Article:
Are You Lieutenant Material?
There is a natural order to the world and there is a natural order to oral board preparation. With rare exceptions, we advance in police positions one step at a time. This series of articles (the first one was “The Sergeant’s Oral Board: Preparing to be #1”) represents the progression of responsibilities that each law enforcement position holds and the corresponding complexities of preparing for an oral board for the next rank. So, if it has been a while since you were successful at your sergeant’s oral board, and you are now preparing for an upcoming lieutenant’s oral board, you may wish to review the Sergeant’s Oral Board article as a foundational reference.
The lieutenant’s rank is generally the first step where manager responsibilities have been added to the job description. As an officer, deputy, or trooper you conquered the challenges of getting the job done; as a sergeant you are responsible for assuring the quality of the work performed by the frontline officers; as a lieutenant you will be facing the business challenges of law enforcement. The term middle-manager is often assigned to lieutenants. It is intended to reflect that some management responsibilities are expected, such as increased delegating, planning, and organizing; while recognizing that higher level management responsibilities, such as policy implementation and budget decision making are being retained at the command staff/manager level. The logic is simple, develop and demonstrate your competencies at a gradual rate, and if you are successful, you should be well-positioned to move even further up the ladder.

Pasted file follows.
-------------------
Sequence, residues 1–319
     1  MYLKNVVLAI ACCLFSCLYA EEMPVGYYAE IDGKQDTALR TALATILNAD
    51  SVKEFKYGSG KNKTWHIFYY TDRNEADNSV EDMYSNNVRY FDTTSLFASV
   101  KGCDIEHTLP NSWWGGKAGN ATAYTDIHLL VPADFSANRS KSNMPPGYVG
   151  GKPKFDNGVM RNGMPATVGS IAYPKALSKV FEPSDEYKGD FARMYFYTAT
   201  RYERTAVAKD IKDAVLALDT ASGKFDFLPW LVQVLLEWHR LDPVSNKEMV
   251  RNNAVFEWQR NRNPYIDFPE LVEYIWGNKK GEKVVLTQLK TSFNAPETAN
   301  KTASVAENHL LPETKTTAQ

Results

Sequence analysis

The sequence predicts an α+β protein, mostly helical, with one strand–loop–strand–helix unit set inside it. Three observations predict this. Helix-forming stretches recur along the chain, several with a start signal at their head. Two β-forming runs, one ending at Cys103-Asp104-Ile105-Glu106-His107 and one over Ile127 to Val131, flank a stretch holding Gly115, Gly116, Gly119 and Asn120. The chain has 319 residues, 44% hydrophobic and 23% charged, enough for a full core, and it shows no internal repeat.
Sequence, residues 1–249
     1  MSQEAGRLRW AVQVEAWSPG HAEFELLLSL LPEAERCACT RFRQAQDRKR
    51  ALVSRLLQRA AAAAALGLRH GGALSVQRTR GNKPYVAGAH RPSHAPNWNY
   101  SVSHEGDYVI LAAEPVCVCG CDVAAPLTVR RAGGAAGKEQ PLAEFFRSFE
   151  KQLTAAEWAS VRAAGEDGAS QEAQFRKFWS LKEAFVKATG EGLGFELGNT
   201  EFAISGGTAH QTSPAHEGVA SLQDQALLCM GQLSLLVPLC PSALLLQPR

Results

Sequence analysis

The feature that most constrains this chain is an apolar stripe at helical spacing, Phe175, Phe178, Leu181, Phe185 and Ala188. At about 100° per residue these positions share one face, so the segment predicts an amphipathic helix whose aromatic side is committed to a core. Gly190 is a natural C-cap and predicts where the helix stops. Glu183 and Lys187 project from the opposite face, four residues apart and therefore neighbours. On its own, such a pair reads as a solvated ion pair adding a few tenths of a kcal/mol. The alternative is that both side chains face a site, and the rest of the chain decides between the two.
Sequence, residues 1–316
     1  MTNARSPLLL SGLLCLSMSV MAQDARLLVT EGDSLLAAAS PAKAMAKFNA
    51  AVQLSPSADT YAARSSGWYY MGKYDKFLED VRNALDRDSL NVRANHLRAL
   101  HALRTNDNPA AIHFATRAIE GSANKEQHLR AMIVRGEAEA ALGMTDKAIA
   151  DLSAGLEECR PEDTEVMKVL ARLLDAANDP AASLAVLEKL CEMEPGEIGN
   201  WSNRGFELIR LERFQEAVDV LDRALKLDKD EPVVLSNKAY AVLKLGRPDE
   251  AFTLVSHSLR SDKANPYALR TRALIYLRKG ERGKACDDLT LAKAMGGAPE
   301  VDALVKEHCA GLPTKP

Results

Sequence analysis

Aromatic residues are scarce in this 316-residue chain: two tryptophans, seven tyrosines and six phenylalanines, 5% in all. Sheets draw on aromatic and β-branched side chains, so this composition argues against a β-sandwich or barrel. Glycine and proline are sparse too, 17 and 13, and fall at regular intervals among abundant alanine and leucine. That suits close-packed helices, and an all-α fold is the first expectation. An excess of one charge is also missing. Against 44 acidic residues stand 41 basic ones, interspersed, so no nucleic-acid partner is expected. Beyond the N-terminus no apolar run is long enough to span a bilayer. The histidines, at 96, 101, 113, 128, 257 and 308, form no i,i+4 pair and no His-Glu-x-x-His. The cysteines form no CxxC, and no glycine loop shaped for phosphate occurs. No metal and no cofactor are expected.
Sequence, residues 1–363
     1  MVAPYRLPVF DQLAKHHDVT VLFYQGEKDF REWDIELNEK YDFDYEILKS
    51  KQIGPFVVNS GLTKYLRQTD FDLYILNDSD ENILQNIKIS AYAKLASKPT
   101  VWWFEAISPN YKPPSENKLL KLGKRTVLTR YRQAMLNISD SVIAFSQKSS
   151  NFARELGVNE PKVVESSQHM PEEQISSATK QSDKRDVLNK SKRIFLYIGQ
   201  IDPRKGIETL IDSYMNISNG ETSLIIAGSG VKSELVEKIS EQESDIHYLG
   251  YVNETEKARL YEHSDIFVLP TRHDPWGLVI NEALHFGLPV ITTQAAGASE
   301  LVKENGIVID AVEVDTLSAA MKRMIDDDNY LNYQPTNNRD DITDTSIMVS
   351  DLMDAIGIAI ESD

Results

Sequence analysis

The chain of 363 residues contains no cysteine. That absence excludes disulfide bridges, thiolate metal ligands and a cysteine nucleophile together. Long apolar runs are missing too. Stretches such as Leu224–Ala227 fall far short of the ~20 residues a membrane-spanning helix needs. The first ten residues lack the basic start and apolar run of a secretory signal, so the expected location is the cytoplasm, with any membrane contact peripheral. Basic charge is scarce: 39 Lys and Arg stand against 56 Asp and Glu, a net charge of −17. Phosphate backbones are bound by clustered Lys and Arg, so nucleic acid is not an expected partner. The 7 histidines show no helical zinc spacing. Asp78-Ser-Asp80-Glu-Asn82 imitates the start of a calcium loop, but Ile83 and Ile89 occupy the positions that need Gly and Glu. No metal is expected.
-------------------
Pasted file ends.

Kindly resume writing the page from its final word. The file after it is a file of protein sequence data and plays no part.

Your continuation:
To keep us all on the same page it is important to recognize that agencies may differ in how they define ranks. Some agencies skip the sergeant rank and have lieutenants serve as the first-line supervisor; other agencies skip the lieutenant rank and have sergeants reporting to captains; and quite likely many other variations exist. For purposes of this article, the agency structure envisioned is one where officers represent the frontline, sergeants are first line supervisors, and lieutenants are middle-managers who report to captains (managers). So while the rank label may differ for your agency, this strategy is aimed at the sworn middle manager.